A challenge to the concept of species

Comparison of DNA from ancient hominin fossils with that obtained from a broad spectrum of living people showed that on the road out of Africa in the last 130 thousand years some anatomically modern humans successfully interbred with Neanderthals and Denisovans to produce fertile offspring. All non-African people contain a trace of those liaisons and include fertile hybrids in their ancestry, whereas Africans do not. Using quick, low-cost and sensitive genomic analyses these discoveries made similar searches for hybridisation among other supposedly distinct species a popular and fruitful line of research (Pennisi, E. 2016. Shaking up the tree of life. Science, v. 354, p. 817-820; doi: 10.1126/science.354.6314.817). They also challenge the long-held view that individual species are incapable of fertile interbreeding with others. Yet fertile hybrids have long been known among plants and butterflies without recourse to genomics. Now that it is a basic tool, it has been shown that up to 10% of known plant species have arisen from hybrids and examples are quickly being found among birds, insects, fish and mammals, including the famous Galapagos finches. Hybridisation introduces genetic variation more quickly than does mutation, potentially a major advantage in adaptive radiation.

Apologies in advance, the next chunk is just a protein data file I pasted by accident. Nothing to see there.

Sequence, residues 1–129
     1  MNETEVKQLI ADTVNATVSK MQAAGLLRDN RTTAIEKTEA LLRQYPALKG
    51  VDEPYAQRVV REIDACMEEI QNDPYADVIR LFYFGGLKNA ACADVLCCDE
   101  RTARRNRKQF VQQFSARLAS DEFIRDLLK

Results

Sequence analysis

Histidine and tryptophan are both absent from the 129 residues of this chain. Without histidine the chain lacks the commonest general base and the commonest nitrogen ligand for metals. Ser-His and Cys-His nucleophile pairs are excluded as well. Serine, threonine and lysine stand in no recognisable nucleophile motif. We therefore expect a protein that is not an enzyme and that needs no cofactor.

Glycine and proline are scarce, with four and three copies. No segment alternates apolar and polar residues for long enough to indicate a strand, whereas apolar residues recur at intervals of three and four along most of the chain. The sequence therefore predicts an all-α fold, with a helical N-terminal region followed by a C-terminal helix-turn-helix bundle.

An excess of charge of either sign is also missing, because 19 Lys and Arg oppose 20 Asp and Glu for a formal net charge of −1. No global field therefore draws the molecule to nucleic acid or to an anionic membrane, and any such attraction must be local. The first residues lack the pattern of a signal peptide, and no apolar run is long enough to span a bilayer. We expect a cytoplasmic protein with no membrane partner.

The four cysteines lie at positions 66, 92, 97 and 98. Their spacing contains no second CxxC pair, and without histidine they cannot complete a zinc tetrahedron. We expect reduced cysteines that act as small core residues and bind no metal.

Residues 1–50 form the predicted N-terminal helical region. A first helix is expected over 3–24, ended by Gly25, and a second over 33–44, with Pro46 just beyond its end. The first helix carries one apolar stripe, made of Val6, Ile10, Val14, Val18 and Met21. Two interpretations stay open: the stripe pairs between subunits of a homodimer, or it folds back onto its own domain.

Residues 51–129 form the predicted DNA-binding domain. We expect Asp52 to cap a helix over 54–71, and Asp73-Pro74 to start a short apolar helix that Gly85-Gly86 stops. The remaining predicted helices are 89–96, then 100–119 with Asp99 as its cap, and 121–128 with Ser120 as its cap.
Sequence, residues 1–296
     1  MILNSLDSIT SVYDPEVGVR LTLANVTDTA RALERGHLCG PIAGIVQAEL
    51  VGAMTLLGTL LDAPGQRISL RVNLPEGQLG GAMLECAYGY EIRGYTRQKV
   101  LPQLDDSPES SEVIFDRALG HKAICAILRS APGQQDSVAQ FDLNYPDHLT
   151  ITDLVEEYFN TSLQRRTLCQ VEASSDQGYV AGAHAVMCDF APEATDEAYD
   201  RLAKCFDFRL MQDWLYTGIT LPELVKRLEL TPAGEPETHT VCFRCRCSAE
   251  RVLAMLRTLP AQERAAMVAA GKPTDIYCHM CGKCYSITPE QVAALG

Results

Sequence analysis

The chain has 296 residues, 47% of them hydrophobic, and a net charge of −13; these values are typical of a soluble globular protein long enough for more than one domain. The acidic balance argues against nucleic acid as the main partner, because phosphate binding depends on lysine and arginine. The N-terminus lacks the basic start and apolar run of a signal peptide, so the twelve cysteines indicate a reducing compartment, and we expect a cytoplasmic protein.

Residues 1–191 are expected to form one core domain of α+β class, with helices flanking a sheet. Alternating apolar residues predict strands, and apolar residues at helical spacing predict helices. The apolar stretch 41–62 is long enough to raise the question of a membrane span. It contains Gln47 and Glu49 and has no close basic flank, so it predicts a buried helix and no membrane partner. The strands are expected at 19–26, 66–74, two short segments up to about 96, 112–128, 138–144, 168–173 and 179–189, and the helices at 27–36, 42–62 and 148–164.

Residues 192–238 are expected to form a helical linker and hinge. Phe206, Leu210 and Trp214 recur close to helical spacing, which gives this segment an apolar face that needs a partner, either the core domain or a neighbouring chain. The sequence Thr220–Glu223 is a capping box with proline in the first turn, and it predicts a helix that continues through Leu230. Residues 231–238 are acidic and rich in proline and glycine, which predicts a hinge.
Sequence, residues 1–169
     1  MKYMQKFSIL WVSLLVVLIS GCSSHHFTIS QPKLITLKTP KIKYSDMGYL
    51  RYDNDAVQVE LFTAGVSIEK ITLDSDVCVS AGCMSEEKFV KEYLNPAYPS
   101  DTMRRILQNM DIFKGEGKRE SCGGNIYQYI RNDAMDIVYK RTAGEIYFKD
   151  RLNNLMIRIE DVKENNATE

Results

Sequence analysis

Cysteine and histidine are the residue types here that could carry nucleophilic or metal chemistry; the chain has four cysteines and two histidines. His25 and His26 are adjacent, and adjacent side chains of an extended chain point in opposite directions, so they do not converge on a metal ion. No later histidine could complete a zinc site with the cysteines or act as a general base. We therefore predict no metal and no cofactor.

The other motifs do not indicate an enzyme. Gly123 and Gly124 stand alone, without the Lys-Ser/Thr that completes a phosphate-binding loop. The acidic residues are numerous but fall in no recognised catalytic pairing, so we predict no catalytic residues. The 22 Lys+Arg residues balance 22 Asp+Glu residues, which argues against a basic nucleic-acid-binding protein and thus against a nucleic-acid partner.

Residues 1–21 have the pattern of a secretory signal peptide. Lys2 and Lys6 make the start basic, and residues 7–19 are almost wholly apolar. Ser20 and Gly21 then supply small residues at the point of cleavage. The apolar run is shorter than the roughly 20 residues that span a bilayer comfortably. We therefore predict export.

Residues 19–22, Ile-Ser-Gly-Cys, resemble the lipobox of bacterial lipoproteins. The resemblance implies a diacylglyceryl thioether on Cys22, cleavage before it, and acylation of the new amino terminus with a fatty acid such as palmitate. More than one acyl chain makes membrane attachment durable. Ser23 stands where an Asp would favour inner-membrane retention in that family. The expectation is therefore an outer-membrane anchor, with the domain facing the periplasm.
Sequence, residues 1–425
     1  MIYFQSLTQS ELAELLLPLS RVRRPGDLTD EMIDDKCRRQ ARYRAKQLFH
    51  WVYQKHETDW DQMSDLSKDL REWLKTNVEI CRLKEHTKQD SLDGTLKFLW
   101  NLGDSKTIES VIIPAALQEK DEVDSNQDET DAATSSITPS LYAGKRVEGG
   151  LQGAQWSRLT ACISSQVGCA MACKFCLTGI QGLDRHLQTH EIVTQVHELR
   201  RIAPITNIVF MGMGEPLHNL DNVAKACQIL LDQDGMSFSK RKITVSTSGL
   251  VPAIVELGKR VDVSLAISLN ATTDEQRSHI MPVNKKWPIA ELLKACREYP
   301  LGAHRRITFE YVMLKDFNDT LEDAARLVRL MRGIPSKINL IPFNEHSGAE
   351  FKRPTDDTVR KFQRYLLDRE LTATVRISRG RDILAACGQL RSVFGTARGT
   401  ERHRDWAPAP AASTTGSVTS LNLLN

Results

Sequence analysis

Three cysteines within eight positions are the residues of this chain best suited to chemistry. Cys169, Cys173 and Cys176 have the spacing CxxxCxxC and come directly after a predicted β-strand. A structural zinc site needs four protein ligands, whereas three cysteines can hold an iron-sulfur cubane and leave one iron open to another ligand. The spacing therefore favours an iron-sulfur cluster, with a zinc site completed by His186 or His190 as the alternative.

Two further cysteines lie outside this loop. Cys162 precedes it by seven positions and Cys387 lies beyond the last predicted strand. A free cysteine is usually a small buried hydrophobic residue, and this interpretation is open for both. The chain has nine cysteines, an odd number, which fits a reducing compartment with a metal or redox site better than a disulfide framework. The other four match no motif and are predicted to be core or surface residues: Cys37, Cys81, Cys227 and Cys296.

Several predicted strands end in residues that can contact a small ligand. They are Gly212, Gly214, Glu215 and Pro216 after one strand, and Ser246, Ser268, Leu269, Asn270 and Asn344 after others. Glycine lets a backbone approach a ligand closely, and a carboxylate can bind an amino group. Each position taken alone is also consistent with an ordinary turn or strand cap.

Page from Darwin's notebooks around July 1837 ...

Page from Darwin’s notebooks around July 1837 showing his first sketch of an evolutionary tree. (credit: Wikipedia)

Of course, the concept of ‘species’ is arbitrarily based on biological ‘form and function’, and in the same fashion as discoveries about epigenetics have shown genetic determinism to have an air of dogma, so hybridisation suggests that a ‘web’ is more apt as shorthand for the progress of evolution than is Darwin’s ‘tree’ or even a tangled ‘bush’. Another welcome outcome spurred by the pioneers of hominin comparative genetics is a powerful challenge to the dominant philosophies of reductionism and dualism among scientists; legacies of René Descartes bound up with the ‘scientific method’ – especially among physical scientists – and ideas such as ‘nature versus nurture’. A major revolution is in progress, from which the seekers for a Theory of Everything, from quantum mechanists through particle physicists to cosmologists need to draw some sharp and perhaps embarrassing lessons.

It is appropriate that the driving agency lies within anthropology, and thrilling too, for everyone can quickly learn a new way of approaching the world by contemplating their own origins. They would be hard-pressed to do that by pondering on the early nanoseconds of the cosmos …

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